Galactic Collision in Progress: When One Plus One (Eventually) Equals One

Arp 122

Arp 122, featured in this Hubble Space Telescope image, illustrates the slow, dramatic collision of two galaxies, NGC 6040 and LEDA 59642. This process, occurring 570 million light-years from Earth, highlights the lengthy and transformative nature of galactic mergers. Credit: ESA/Hubble & NASA, J. Dalcanton, Dark Energy Survey/DOE/FNAL/DECam/CTIO/NOIRLab/NSF/AURA, Acknowledgment: L. Shatz

Arp 122, a peculiar galaxy formation comprising two merging galaxies, NGC 6040 and LEDA 59642, located about 570 million light-years from Earth.

This Hubble Picture of the Week features Arp 122, a peculiar galaxy that in fact comprises two galaxies — NGC 6040, the tilted, warped spiral galaxy, and LEDA 59642, the round, face-on spiral — that are in the midst of a collision. This dramatic cosmic encounter is located at the very safe distance of roughly 570 million light-years from Earth. Peeking in at the corner is the elliptical galaxy NGC 6041, a central member of the galaxy cluster that Arp 122 resides in, but otherwise not participating in this monster merger.

Galactic collisions and mergers are monumentally energetic and dramatic events, but they take place on a very slow timescale. For example, the Milky Way is on track to collide with its nearest galactic neighbor, the Andromeda Galaxy (M31), but these two galaxies have a good four billion years to go before they actually meet. The process of colliding and merging will not be a quick one either: it might take hundreds of millions of years to unfold. These collisions take so long because of the truly massive distances involved.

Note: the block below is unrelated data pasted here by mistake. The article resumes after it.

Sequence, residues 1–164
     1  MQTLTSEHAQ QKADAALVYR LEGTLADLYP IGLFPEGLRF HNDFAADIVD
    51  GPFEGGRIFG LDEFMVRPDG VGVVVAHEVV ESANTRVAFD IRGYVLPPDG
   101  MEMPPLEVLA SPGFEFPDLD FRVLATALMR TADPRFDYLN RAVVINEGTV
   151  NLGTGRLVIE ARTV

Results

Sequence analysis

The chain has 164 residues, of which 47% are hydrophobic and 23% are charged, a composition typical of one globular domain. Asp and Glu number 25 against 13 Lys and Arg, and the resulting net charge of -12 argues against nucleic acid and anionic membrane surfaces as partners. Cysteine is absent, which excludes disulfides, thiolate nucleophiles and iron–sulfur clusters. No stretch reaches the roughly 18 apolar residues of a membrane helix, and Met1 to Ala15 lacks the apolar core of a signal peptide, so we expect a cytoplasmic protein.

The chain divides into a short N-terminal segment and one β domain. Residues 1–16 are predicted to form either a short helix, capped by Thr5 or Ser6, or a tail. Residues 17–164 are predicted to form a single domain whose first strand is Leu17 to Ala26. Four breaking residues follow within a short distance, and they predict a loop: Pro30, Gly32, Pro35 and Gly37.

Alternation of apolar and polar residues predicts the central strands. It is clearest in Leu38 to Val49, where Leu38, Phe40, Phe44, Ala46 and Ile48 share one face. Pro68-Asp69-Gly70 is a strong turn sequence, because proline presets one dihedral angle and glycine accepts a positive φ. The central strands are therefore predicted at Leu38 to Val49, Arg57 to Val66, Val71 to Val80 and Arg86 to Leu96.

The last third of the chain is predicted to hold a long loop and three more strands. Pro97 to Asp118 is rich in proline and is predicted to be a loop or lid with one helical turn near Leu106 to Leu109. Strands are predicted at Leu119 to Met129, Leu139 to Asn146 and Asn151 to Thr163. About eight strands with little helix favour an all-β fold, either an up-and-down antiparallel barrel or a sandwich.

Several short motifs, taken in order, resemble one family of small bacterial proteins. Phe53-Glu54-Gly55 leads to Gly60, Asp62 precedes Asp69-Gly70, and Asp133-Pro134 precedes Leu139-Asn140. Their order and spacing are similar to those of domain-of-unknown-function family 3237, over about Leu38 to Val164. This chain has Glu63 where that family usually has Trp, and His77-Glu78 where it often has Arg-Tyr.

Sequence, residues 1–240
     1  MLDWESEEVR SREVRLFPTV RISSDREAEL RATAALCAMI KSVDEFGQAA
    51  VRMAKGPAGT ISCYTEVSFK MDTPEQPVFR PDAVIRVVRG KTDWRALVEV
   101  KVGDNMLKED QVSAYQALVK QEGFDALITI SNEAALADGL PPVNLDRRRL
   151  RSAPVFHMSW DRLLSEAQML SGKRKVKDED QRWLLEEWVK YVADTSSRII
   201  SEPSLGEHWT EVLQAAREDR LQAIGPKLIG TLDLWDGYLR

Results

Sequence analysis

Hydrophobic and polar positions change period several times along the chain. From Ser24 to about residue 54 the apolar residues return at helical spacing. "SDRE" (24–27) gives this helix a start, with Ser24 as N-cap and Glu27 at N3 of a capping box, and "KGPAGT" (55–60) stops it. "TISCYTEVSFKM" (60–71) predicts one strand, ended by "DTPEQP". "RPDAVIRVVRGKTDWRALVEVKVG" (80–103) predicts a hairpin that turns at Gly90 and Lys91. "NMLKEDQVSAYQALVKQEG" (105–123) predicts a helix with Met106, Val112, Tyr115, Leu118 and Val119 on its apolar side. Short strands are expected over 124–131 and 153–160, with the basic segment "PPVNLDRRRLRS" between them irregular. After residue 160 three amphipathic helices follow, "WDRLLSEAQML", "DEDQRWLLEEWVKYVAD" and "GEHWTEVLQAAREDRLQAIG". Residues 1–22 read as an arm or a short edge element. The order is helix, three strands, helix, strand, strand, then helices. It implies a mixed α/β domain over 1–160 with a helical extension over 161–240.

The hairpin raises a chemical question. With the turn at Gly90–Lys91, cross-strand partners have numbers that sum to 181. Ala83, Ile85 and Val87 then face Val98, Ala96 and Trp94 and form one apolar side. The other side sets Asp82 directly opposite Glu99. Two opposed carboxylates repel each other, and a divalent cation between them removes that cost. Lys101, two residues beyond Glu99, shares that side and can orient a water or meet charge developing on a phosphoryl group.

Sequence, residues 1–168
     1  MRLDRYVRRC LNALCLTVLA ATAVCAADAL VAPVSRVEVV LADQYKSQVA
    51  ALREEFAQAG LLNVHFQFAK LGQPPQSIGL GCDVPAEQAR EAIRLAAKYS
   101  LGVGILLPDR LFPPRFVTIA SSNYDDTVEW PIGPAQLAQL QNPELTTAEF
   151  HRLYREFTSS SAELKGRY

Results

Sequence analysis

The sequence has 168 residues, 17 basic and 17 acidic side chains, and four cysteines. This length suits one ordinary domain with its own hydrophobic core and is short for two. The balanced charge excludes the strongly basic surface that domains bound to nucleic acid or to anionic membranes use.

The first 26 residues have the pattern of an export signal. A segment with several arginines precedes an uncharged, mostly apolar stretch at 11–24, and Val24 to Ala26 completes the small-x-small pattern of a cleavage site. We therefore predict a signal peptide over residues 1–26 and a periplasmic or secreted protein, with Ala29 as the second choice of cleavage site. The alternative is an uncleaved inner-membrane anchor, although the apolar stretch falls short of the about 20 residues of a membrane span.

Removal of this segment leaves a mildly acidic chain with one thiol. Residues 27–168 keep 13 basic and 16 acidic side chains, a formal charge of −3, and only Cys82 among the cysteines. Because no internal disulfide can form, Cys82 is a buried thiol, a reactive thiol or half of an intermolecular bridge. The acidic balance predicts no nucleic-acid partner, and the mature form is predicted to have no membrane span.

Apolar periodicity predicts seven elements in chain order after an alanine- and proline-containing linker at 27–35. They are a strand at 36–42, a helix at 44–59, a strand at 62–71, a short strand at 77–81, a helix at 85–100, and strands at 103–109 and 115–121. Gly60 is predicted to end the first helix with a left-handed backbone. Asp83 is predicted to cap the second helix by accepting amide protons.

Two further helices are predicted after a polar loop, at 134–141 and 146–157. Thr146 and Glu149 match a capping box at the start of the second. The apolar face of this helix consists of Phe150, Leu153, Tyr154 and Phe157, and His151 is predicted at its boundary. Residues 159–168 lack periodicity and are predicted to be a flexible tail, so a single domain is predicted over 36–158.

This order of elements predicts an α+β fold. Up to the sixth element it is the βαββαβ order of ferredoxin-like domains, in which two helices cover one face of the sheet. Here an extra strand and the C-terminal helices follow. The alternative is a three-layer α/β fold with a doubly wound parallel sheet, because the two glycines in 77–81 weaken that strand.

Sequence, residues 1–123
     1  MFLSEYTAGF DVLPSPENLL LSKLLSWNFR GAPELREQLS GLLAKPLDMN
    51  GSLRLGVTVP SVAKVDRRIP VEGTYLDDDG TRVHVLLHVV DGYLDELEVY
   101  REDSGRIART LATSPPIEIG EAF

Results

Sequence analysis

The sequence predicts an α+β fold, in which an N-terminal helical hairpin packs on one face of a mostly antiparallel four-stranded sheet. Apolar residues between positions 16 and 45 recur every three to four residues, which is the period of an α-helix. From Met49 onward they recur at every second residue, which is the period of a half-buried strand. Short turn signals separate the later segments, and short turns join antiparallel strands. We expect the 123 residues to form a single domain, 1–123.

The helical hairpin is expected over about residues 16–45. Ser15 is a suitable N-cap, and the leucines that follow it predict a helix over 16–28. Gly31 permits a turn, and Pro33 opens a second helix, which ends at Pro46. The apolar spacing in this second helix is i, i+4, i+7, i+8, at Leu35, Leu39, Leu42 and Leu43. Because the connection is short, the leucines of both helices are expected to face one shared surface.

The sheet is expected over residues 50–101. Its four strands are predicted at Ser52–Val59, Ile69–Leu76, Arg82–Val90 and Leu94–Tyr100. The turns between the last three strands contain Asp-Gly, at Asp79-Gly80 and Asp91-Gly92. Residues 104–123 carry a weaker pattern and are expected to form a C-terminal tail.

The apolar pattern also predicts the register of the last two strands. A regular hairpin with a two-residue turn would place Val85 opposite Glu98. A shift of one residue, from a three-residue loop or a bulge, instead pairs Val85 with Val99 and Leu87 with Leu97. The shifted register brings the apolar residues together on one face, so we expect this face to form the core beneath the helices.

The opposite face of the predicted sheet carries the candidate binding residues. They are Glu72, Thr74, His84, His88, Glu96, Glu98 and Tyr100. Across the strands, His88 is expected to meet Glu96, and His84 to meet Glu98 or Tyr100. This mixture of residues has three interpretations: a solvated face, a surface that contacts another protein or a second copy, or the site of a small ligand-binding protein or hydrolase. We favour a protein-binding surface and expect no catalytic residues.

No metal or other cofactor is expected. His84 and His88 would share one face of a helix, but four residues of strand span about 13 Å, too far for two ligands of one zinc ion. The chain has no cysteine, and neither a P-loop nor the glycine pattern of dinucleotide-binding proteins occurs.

Galaxies are composed of stars and their solar systems, dust, and gas. In galactic collisions, therefore, these constituent components may experience enormous changes in the gravitational forces acting on them. In time, this completely changes the structure of the two (or more) colliding galaxies, and sometimes ultimately results in a single, merged galaxy. That may well be what results from the collision pictured in this image.

Galaxies that result from mergers are thought to have a regular or elliptical structure, as the merging process disrupts more complex structures (such as those observed in spiral galaxies). It would be fascinating to know what Arp 122 will look like once this collision is complete . . . but that will not happen for a long, long time.

4 Comments on "Galactic Collision in Progress: When One Plus One (Eventually) Equals One"

  1. Fixed gravity for you. | January 10, 2024 at 8:35 pm | Reply

    MOND people are back with their “wide” narrow binaries. How it scales up to galaxies is a mystery, looks like Beckenstein grafted some known binary features onto MOND and tied it to the edges of galaxies where galactic gravity is supposed to be weak, using only pages of mathematical extradimensional handwaving. Hiding the anomalies until they’re ripe for picking is the royal astronomical M.O. ever since the days of the sun getting eaten by the moon. Is anyone thinking about spin-orbit coupling there besides me? Will they ever get around to finding out there’s a whole lot of surprising spin there? You know Einstein was kind of weak on spin, spooky frame-dragging credit didn’t include him.